When Should You Introduce Your Families To Each Other

There are lots of thing that differ when wedding planning in London, as opposed to other parts of the country. The venues are different for example, and so is transport to-and-from these. But the issue of family is universal, and deciding when your family should meet your fiancé's family is definitely something that requires some thought.

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Families are an odd one. There's not really any getting around that I'm afraid. When I was younger I thought all families were the same - in every one there were two parents and two children (as this was the family model that I had, and I also wasn't a very observant child...) It wasn't until I was a bit older that I not only realised that wasn't the case, but that all families have their own quirks, flaws and parents are just human too. They make mistakes, they say embarrassing things, and their emotions get caught up in situations too, just like ours. They're not infallible and, at times, it's best to proceed with caution.

It's hard enough knowing when to introduce your partner to your family for that very reason. I've known some people to wait until they've been dating someone for a year until they take them home to 'meet the parents', and I've also known people who introduce their family to every single person they've ever been on a date with. But, it's an entirely different ball game deciding when to let the parents, meet the parents.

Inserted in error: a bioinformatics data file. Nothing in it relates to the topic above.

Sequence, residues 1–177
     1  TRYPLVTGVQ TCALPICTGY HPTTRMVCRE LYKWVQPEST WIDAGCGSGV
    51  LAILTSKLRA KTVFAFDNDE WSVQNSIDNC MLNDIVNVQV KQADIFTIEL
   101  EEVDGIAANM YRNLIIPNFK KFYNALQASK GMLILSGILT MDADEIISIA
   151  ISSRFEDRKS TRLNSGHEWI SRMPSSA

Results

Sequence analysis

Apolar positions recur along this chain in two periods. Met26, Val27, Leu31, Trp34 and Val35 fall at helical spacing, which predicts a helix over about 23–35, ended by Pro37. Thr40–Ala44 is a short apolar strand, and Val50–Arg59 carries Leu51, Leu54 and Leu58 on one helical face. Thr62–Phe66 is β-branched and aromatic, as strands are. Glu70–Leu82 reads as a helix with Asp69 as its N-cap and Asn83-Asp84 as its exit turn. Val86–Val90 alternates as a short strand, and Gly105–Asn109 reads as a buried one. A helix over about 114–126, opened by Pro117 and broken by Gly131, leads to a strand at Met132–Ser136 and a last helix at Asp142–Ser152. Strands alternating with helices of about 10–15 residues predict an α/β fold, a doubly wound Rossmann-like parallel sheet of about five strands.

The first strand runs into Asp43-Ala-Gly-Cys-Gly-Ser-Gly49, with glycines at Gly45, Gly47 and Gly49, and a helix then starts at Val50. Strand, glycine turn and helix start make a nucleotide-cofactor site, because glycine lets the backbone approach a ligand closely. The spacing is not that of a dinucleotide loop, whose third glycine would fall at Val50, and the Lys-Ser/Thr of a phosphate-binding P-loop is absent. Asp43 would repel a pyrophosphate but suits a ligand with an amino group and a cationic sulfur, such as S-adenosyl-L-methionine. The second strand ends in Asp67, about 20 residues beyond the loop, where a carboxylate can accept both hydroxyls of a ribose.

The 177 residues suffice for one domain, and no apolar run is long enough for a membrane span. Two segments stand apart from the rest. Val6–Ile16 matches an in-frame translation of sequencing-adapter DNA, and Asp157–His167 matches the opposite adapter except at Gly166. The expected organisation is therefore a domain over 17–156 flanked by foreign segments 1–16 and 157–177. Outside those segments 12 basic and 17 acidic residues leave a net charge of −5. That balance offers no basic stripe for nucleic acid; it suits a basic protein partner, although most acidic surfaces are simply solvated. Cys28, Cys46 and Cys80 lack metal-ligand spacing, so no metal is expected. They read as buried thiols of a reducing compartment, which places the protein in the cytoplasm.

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Some would argue that this shouldn't even be a 'thing', and I understand that they're probably not going to spend a great deal of time together over the years. But if they're all going to sit at the top table together, on your wedding day, and invite each other's children into their families then it's a formality that needs to happen. Plus, in the future, they'll all be at the same birthday parties for their grandchildren and other family celebrations.

There are a few situations where this is less of a minefield for you to navigate, i.e. your parents have already met each other, which may be the case if you've known your partner since you were a lot younger, or you actually met through your 'rents. Or you / your partner don't have the best relationship with your family, in which case this might not even be an issue for you. But in the majority of cases, this is something that will need to happen at some point.

The process of introducing them to each other may be helped along by the fact that one or both sets of parents push for it. Let's face it, if they've met your partner then they're going to be curious to see what their parents are like. As a wedding planner, I share the same sort of curiosity. I love meeting the parents of a couple whose wedding I've been planning. It's just quite interesting to see which characteristics they get from which parent, and it also helps me to see how the bride / groom will act on their wedding day with their parents present. You can tell a lot about a person by how they act around their mum and dad, and I've seen mature brides I've been working with turn into stroppy brats as soon as their mum is on the scene. So I don't blame parents at all for trying to make this little rendez-vous happen.